A recent comment by an U.S. Army officer about looking for "children with potential hostile intent" has increased concerns about targeting policy and the killing of civilians in Afghanistan.
The statement was attributed to Army Lieutenant Colonel Marion Carrington in a Marine Corps Times article of December 3 that appeared under the headline, "Some Afghan kids aren't bystanders." In recounting an incident in mid-October in which three Afghan children — ages 8, 10 and 12 — were killed in Helmond Province, the Times article described Marines directing a strike at "three shadowy figures that appeared to be emplacing an "improvised explosive device" in the ground. The Marines got clearance for air strike, the Times said and "took out the targets."
The article appears to contradict earlier accounts of the killing. While the Marine Corp Times article indicates the children were the shadowy figures targeted in the strike, the International Security Assistance Force in Kabul issued a statement at the time of the incident saying it might have "accidentally killed three innocent Afghan civilians." A New York Times article dated October 19 said the children were out gathering dung for fuel, and quoted the governor of a neighboring province who said the children were "wandering by" when they were struck by shrapnel from a strike on Taliban members who were placing the explosives in the ground. Major Adam Wojack, a spokesman for the coalition forces, said at the time that reports of the children killed were being investigated.
"I.S.A.F. did conduct a precision strike on three insurgents in Nawa district, and the strike killed all three insurgents," Wojack said. "None of our reporting shows any civilian casualties or any children." Yet a tribal council member who found the children's bodies said he did not see any other bodies in the area. And while earlier reports had described the action as an air strike, the New York Times ran a correction in its October 19 article, nothing that military officials said the "precision strike" was an artillery barrage.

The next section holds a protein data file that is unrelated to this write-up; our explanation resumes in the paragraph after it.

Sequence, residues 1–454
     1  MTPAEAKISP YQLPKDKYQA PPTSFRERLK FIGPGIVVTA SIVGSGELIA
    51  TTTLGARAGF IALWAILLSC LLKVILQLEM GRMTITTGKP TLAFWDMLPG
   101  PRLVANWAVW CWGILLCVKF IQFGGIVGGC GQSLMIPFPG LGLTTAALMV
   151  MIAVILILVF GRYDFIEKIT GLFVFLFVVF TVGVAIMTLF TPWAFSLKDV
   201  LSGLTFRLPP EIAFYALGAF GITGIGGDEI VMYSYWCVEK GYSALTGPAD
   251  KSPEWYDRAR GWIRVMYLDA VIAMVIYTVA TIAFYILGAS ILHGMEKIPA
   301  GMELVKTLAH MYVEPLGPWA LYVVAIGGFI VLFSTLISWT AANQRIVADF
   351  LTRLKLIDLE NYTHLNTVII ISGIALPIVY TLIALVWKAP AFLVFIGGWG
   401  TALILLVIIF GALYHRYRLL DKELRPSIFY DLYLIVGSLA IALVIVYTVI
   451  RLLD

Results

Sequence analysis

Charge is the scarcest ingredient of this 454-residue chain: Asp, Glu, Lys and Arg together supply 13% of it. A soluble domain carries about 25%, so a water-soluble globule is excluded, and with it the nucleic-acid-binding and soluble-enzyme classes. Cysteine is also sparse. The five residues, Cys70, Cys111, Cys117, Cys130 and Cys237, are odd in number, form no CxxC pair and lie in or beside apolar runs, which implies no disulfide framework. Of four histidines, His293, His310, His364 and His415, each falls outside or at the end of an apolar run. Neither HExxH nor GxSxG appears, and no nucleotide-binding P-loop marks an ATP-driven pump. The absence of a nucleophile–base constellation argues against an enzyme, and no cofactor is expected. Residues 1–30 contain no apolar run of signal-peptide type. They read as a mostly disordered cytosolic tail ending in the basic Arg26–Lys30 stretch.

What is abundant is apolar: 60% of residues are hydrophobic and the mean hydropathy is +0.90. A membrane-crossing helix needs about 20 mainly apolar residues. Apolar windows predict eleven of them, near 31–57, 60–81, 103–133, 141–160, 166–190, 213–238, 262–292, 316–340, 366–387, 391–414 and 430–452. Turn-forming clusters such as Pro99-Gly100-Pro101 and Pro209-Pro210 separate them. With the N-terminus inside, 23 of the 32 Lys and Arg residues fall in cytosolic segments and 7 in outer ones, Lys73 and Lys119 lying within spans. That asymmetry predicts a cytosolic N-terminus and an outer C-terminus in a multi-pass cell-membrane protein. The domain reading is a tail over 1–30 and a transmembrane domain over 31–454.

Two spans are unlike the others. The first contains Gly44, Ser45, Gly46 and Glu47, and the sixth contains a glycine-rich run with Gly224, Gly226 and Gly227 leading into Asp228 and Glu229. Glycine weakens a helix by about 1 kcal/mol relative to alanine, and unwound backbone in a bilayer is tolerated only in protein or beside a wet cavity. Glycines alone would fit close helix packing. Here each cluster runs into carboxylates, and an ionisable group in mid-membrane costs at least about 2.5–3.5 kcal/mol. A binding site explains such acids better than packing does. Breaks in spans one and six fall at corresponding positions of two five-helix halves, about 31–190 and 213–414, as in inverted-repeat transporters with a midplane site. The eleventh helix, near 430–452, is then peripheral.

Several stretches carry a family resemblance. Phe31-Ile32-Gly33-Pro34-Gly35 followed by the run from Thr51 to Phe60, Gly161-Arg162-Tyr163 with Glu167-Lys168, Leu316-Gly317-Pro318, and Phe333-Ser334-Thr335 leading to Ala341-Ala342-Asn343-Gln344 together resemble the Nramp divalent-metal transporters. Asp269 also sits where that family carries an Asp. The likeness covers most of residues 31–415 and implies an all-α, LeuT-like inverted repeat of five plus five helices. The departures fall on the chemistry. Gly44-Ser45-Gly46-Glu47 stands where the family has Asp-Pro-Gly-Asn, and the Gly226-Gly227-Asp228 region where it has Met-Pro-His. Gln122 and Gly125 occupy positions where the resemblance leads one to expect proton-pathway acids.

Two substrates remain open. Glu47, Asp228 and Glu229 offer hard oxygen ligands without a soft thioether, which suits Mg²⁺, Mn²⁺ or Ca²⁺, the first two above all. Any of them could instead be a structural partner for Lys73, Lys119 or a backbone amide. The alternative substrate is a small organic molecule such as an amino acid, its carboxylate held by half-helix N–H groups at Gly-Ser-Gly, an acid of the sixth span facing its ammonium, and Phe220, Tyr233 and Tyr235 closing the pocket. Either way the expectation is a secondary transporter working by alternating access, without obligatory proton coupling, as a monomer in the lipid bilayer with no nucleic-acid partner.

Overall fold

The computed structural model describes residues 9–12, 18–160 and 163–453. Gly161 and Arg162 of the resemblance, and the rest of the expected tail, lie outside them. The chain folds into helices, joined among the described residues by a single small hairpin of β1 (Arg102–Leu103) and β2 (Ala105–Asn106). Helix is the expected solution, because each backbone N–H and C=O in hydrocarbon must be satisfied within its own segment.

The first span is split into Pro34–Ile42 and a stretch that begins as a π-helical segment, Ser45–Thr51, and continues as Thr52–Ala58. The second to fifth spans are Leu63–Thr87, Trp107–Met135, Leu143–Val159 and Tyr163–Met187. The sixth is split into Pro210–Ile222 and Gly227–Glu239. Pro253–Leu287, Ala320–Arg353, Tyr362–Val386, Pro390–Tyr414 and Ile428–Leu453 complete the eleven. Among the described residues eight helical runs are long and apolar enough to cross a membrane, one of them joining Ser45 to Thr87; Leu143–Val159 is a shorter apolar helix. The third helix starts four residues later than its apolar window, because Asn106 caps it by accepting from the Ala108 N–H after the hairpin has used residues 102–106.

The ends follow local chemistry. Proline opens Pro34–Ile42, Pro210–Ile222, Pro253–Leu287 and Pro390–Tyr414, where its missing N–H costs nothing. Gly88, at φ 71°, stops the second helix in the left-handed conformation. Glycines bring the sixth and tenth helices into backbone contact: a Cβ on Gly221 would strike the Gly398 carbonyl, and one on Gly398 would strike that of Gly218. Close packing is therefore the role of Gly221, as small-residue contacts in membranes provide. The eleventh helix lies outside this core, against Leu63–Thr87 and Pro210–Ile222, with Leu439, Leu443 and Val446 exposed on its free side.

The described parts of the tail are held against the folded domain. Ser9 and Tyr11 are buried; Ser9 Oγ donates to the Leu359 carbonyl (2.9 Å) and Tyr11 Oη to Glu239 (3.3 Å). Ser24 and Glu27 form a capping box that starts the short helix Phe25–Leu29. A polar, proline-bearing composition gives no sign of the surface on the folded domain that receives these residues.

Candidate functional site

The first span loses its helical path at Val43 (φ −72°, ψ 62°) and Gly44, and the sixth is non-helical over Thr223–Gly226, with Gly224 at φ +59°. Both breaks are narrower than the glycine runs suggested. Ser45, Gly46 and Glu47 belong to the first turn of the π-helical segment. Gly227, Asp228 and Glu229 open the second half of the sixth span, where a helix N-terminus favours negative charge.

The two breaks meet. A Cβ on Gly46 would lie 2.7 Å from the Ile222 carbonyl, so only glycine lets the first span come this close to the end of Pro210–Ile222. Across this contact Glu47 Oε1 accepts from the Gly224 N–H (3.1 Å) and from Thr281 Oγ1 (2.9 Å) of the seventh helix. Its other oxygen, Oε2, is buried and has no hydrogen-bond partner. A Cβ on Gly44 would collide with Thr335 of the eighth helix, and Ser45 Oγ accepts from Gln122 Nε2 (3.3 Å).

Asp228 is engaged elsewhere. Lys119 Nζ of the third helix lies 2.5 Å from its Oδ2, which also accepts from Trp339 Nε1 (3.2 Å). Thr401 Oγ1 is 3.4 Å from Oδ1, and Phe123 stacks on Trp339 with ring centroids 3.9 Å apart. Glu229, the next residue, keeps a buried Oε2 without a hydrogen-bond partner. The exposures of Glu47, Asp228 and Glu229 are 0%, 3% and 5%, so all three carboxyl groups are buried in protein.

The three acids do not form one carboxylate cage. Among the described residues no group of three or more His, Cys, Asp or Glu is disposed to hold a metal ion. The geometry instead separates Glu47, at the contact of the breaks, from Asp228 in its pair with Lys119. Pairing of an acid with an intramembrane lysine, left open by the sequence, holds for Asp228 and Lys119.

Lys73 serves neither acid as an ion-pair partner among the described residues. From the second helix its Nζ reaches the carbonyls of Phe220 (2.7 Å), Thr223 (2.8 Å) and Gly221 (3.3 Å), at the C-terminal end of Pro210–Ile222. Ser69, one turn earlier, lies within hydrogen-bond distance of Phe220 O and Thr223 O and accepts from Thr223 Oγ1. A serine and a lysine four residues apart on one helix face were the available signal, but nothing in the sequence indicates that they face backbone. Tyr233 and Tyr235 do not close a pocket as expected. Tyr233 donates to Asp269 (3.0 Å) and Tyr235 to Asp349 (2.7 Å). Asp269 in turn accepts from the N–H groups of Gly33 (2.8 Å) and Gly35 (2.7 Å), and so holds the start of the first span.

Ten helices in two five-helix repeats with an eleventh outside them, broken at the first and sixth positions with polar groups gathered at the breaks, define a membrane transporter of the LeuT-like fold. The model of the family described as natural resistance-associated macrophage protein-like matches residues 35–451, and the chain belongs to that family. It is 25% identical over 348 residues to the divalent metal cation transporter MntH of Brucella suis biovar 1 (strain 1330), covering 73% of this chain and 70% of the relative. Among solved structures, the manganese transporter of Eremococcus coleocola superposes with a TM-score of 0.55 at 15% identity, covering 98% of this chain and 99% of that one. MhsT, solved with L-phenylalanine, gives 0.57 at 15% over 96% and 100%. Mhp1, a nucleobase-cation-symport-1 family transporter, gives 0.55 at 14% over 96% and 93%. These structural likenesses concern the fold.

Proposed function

The Marine Corps Times article cited statements by military officials claiming the Taliban often use children to carry out their missions or as a shield, and the children may have been recruited to plant explosives. The Guardian of London last week cited a statement by a U.S. official who said the Marines has seen the children digging a hold on a dirt road and "the Taliban may have recruited the children to carry out the mission."
There were 36 documented cases of underage recruiting in the war in 2011, the Marine Corps Times said, citing an April 2012 United Nations report. Eleven children, including an eight-year-old girl, were killed in Afghanistan while carrying out suicide attacks, the report said. Human Rights Watch also reported a sharp increase in the Taliban's deployment of children in suicide bombings, some as young as seven.
"It kind of opens our aperture," said Army Lt. Col. Marion "Ced" Carrington, whose unit, 1st Battalion, 508th Parachute Infantry Regiment, assists the Afghan police. "In addition to looking for military-age males, it's looking for children with potential hostile intent." That set off alarm bells among some counterterrorism experts and human rights groups.